Today is the nineteenth anniversary of my very good friend Kevin Coleman. I am certain that not a day has passed in that nineteen years that I have not thought of him. He was the one who first related to me Gramsci's famous quote concerning the need for Optimism of the Will. However, I must admit that since Kevin's death my storehouse of faith has nearly run dry. In the words of Lou Reed, it takes a busload of faith to get by and what I have probably wouldn't fill up a subcompact at this point. Besides loosing loved ones and going through a remarkably dispiriting time living in El Salvador durning the 90s, I have just lost most of my faith in the capacity of our race to move toward a more compassionate and caring society. We are an indescribably sick people and a huge portion of us take genuine pleasure in touting the rabidly violent and despicable parts of our nature. Just go over and read some of the Blogs on Conservative-Bloggers, and you will see what I mean. They are full of vitriolic attacks on anything that smacks of compassion and they are remarkably fond of going after the most vulnerable in our society.
My dad, who has been gone for some eight months now, used to also bemoan the fundamental failures of our race. And though he was remarkably cheerful about the simplest pleasures in life, he knew just how badly we treat each other. He used to say that if one had an even vaguely enlightened view of the world, living in human society is like living among a troop of monkeys. "If you were a self aware monkey," he would say, "or a slightly intelligent cave-dweller, you would still be helpless to stop the rest of them from living in their primitive paradigm." It was that attitude that led my dad to simply try to enjoy the little things in life and not worry about the big picture. Yet, despite his desire to live a carefree life, my dad was always frustrated by the world's injustices and you could sometimes see the sadness in his eyes.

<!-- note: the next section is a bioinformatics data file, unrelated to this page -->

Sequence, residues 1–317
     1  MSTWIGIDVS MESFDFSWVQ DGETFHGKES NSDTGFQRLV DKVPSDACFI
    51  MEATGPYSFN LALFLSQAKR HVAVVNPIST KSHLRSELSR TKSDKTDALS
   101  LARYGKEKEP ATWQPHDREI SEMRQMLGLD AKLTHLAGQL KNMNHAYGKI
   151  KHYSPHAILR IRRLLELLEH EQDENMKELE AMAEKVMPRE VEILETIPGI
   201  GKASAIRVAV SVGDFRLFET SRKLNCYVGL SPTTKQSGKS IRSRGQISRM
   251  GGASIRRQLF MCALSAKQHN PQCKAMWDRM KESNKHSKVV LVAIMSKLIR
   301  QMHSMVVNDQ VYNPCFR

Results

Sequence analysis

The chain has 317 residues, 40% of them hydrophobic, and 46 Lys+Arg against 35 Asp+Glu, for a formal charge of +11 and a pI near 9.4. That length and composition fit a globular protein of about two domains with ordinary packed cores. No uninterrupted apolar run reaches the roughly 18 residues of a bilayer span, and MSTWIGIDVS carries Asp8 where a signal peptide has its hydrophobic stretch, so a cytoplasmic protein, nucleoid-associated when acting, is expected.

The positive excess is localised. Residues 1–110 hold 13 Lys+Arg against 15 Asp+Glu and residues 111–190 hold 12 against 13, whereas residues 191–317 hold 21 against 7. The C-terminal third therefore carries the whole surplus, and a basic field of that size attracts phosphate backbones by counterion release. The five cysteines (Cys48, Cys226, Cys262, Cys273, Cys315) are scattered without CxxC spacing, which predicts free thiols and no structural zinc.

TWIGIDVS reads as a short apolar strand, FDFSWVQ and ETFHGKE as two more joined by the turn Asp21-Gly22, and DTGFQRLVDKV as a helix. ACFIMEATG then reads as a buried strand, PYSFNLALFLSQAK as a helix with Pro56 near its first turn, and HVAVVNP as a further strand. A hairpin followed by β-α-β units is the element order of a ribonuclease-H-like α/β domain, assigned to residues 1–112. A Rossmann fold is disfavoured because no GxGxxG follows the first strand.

I have always been a socialist. I believe that socialism is the only rationally and ethically defensible socio-economic system. But I have struggled to live through an age when faith in a better, more cooperative world has waned considerably. But we still live in something of a 'mixed' economy and I so have always taken some comfort in our constitutionalism and our democracy. I have always thought that even though we are not moving toward genuine socialism we have some protection from the worst abuses of tyranny. But in recent years and months that comfort has also waned as I have watched the present government of Canada slowly dismantle the constitution, and erode the most basic elements of our democratic system. Even our provincial government here in Ontario has essentially torn up the Charter of Rights, violated civil liberties on a grand scale, and few people seem to care and no one will do anything about it.
I miss my departed friend Kevin Coleman and I wish he were here to share a drink, a movie and a few laughs. But I would hate to see his saddened heart at recent events. And I miss my dad with a profound depth that mear language could never convey. But I am glad he doesn't have to see how sad I have become and at what a low ebb my faith has come.